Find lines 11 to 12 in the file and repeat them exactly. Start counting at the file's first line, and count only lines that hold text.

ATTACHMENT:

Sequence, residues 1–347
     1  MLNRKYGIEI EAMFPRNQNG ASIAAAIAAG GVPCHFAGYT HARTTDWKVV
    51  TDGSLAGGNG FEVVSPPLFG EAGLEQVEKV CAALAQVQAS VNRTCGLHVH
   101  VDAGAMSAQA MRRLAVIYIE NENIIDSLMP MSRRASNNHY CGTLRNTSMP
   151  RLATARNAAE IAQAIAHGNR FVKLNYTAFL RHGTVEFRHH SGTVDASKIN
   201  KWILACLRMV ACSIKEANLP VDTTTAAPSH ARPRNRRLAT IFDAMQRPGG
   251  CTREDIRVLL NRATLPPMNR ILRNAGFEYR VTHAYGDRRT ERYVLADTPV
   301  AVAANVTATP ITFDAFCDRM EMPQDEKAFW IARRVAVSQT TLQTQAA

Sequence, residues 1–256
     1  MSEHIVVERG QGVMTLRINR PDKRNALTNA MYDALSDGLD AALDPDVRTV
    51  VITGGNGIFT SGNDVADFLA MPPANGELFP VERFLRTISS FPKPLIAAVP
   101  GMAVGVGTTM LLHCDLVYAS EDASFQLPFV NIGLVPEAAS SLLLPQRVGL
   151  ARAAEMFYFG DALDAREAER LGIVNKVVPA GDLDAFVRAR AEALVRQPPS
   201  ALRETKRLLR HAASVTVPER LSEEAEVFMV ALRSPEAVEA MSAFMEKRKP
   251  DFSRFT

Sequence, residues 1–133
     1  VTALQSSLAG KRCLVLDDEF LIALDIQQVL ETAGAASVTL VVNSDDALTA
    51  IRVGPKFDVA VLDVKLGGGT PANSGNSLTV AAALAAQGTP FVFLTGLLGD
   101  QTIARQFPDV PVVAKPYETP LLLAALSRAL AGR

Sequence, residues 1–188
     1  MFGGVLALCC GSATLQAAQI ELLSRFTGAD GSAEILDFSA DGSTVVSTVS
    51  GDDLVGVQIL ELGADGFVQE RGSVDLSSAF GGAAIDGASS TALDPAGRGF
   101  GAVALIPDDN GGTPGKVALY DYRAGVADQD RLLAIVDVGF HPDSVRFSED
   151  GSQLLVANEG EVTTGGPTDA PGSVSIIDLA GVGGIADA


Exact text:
    51  VITGGNGIFT SGNDVADFLA MPPANGELFP VERFLRTISS FPKPLIAAVP
   101  GMAVGVGTTM LLHCDLVYAS EDASFQLPFV NIGLVPEAAS SLLLPQRVGL